The U.S. Department of Transportation estimates that Americans make more than 405 million business trips per year. While travel can be stressful, there are strategies for staying healthy in times of transit.
Mode of transportation
• Most U.S. business travel happens by car. Before you hit the road, pack healthy snacks such as fruit, cheese sticks or nuts to limit your temptation to grab that gas station candy bar.
• Air travel is convenient, but make sure to pack essentials for avoiding catching a cold. Some essentials include Airborne, Emergen-C, hand wipes/sanitizer and a reusable water bottle for airport hydration stations. Always avoid eating directly off of those germy tray tables.
• If possible, book your accommodations close to your meetings to give you more flexibility to walk, an even better idea if your trip takes you to sunny Florida or Arizona during the winter. Not only will you get in some steps, but you also will likely save money on ground transportation.
• Do your research and book a hotel with a gym and/or pool. Some hotels even rent workout clothes and equipment. For example, Westin Hotel and Resorts offers New Balance clothing and gym shoes during your stay for an additional $5 (Bonus: You get to keep the socks).
• No gym, no problem. It’s possible to get a solid workout done with very little space and equipment. Try the deck of cards workout: Suits are exercises of your choosing and numbers are repetitions. Draw away and get ready for those push-ups, burpees and squats.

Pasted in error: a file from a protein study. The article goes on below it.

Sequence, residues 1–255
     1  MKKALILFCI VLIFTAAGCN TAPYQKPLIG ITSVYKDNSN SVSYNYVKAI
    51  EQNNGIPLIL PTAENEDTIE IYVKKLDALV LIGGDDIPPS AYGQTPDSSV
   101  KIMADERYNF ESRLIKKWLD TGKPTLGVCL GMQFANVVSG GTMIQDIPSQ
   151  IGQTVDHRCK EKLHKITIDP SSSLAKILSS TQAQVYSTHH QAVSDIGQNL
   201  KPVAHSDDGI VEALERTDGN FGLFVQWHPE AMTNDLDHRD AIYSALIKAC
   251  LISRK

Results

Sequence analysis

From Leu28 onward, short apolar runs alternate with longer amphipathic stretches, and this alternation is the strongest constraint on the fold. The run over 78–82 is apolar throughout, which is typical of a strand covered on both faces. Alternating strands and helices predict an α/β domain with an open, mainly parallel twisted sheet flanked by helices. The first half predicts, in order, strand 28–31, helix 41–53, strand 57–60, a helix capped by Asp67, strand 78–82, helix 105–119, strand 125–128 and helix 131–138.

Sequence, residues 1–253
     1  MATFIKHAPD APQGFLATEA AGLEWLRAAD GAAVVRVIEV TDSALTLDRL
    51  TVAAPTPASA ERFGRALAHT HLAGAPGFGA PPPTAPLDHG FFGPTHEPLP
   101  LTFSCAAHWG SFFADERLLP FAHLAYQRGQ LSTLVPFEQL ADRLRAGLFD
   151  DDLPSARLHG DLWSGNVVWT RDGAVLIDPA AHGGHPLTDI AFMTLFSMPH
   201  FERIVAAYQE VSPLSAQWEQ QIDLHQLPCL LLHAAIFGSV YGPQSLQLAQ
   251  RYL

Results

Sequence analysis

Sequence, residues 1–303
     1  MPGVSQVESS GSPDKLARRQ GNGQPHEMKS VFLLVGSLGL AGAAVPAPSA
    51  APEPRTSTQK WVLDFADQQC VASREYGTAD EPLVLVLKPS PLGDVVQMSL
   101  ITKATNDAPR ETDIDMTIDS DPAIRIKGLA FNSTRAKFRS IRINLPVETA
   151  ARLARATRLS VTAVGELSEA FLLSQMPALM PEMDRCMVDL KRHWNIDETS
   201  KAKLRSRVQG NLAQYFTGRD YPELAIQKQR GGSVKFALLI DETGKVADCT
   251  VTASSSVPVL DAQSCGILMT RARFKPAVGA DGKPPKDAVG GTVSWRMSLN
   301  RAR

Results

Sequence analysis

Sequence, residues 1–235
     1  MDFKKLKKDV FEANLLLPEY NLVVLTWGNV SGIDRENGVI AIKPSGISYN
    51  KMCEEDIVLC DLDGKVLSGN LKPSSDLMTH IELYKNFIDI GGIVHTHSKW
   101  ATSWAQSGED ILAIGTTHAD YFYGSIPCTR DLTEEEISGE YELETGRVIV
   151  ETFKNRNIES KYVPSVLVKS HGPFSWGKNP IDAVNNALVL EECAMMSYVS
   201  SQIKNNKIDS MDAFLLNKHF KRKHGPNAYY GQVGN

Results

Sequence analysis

• Book an Airbnb or HomeAway so you can have access to a kitchen. This is especially beneficial if traveling for more than a couple of days. You can prepare your meals. There are a few hotel chains that have kitchens, such as Homewood Suites and Residence Inns.
Movement in your day
• Take advantage of breaks during your meetings to get up, walk around and stretch.
• Wear an activity monitor such as a Fitbit or Garmin and set a movement goal for yourself during your travel. It doesn’t have to be as ambitious as it would be at home, but it will hold you accountable to setting an alarm to get up early to exercise and move during your day.
• A lot of sitting can lead to tight muscles in the legs, back and neck. Pack a manual massage ball, which is easy to pack and can be used to release them. Place on a tight muscle in your glute, back or foot for some pressure point release or consider doing a yoga routine in the evening.
Meals on the road
• On average people consume 200 more calories eating out than they would at home. It can be hard when traveling to plan meals, but planning ahead will pay you back. Pick an accommodation in proximity to a grocery store or healthy food options. Remember the rule of thumb about healthy grocery shopping: Shop the perimeter, look at food labels and avoid shopping on an empty stomach.
• Grab healthy snacks such as hummus, carrots, peanut butter and crackers, or fruit, or pick up affordable breakfast and lunch options at a local grocery store to store them in a hotel fridge or kitchen.
• Try to mimic your sleep environment at home. Keep the room cool and dark, set a fan for white noise, use earplugs and turn off electronics at least an hour before bed.
Accept that you will encounter unplanned situations (my last flight included a 20-hour delay and sleepover at the airport terminal)
Remain calm. Make sure to pack a mini first aid kit that includes necessary medication, bandages, water and a few emergency snacks.